Red clover (Trifolium pretense) has long been known as a blood and lymphatic cleanser, making it a great herbal remedy for lymphatic congestion, skin conditions and slow liver clearance.

Red clover was listed in the National Formulary as a skin remedy until 1946. Energetically, it has been said red clover has an affinity for the liver, heart and lungs. Red clover is especially well-known as an effective remedy for children.

The Cherokee and Aboriginal communities used red clover to remove blood impurities and for fevers. Various Native American cultures ate the leaves, used preparations of red clover to soothe irritated skin, to support women’s health through stages of menopause and for a healthy respiratory response. The Druids believed that red clover could ward off evil spells. Medieval Christians believed that the three leaves represented the holy trinity and the four-leaved varieties represented the cross.

Doctrine of Signatures
Many cultures around the world observe the properties of a particular plant (color, shape, size, scent, where and how it grows, etc.) and derive meaning from this information about how to use the plant. This is called the Doctrine of Signatures. When thinking about red clover, the red color of the flowers represents, for many cultures, its ability to purify the blood, and it was often used in this way.

It might also be said that the color red symbolizes its ability to support a healthy inflammatory response (inflammation = heat = fire = red), to support healthy respiratory function, joint function, and improve liver and skin health.

Blood Cleanser, Lymph Mover, and Skin Remedy
Today, red clover is widely used for skin conditions such as acne, eczema and psoriasis, and other skin conditions that result from impurities in the blood and lymph. Red clover supports a healthy detoxification process, helping to remove metabolic waste from the body, by assisting in the purification of the blood and lymph. Red clover, nettles and yellow dock can be blended and made into a tea for skin conditions.

Red clover is an effective remedy to support healthy respiratory function. A syrup made with red clover and honey is often used as a respiratory remedy.

Women’s Health: Menopause & Fertility
Due to its phytoestrogenic properties, red clover is said to be an effective remedy for menopause and fertility. There is a bit of debate over whether or not red clover is an effective remedy for hot flashes associated with menopause. Some studies say yes, others say no. Historical usage and anecdotal evidence suggests that there is some validity to its effectiveness. Studies have confirmed that when red clover is taken by menopausal women, it supports healthy strengthening and flexibility of the arteries.

It is also reported that red clover can increase fertility by thickening the uterine lining to aid in implantation. When used for this purpose, it’s said that red clover should be taken from day one of the menstrual cycle until ovulation occurs.

Red clover contains calcium, chromium, magnesium, niacin, phosphorus, potassium, thiamine and vitamin C. The flowers and leaves can be eaten in salads, made into jelly or tea, or added to soups. Red clover is also valued as a grazing crop for livestock due to its high nutrient content.

Regenerative Agriculture & Organic Farming
Red clover is a popular cover crop because of its nitrogen-fixing ability, which increases soil fertility. It’s an important plant for soil conservation and crop rotation.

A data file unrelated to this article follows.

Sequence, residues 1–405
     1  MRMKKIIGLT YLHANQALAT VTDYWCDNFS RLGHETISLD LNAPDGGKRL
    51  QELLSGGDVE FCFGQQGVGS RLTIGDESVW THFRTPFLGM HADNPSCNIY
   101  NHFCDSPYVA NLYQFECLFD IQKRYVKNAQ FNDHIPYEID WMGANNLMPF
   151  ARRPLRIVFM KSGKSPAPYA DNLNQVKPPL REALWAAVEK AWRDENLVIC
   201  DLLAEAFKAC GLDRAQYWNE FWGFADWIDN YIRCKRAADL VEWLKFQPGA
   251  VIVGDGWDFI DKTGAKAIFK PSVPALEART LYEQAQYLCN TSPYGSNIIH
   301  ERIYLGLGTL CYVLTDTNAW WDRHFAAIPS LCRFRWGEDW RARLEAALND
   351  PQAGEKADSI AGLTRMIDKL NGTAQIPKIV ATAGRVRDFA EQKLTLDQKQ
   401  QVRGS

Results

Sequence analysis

Harvesting and Drying
Red clover, a perennial member of the pea family, is in bloom from May through October. Red clover blossoms are ready to be harvested one to two weeks after they appear.  The best time to harvest red clover is in the morning, when the blossoms are holding the most moisture. If you harvest when it’s dry, the blossoms will turn brown. Never take all of the flowers in a particular area; it is important to leave some for wildlife and pollinators. Harvest in areas where there is the least likelihood of chemical or environmental contamination. Dry in a basket or drying rack in a dark, warm, ventilated area with the blossoms evenly spaced apart. You can expect the clover to dry in one to two weeks.

Herbal Supplement
Red clover can be taken internally as a tea, tincture, capsule or syrup. Red clover can also be eaten raw in salads, added to soups and stews and made into jelly.

WishGarden includes this versatile herb in many of its tea formulas, including: Detox Cleanse Tea, Fertility Tea, Pregnancy Tea and Everybody’s Tea. Red clover is also in several of WishGarden’s liquid extract formulas, including Daily Immune, Daily Immune for Kids, Respiratory Strength and Zit Zap.

Topical Remedy
Red clover can be applied topically to skin irritations and wounds as a tea, fresh plant poultice or salve.

The Herbal Academy
Botanical Medicine for Women’s Health, Dr. Aviva Romm
National Center for Complimentary and Integrative Health
Penn State Hershey Medical Center
Wikipedia – Trifolium pratense
American Botanical Council –

Amy Timmons Malek, CCN, CCH, INHC is a Certified Clinical Nutritionist, Certified Clinical Herbalist, Integrative Nutrition Health Coach and Flower Essence Practitioner. She discovered her love for plants in the Sonoran Desert while living in Tucson, AZ. She has been studying plants of the Mountain West and Southwest for 10 years. Her many teachers include Paul Bergner, Rosemary Gladstar, Dr. Aviva Romm, Lisa Ganora, Kat MacKinnon, Erin Smith, John Slattery and Charles Kane. Her career is divided between Holistic Health, Graphic/Web Design and Marketing/Social Media Consulting. She is currently WishGarden’s Social Media Coordinator. She lives in Boulder County, CO. She enjoys wildcrafting and growing her own medicinal plants and making a variety herbal remedies. You can learn more about her practice on her website,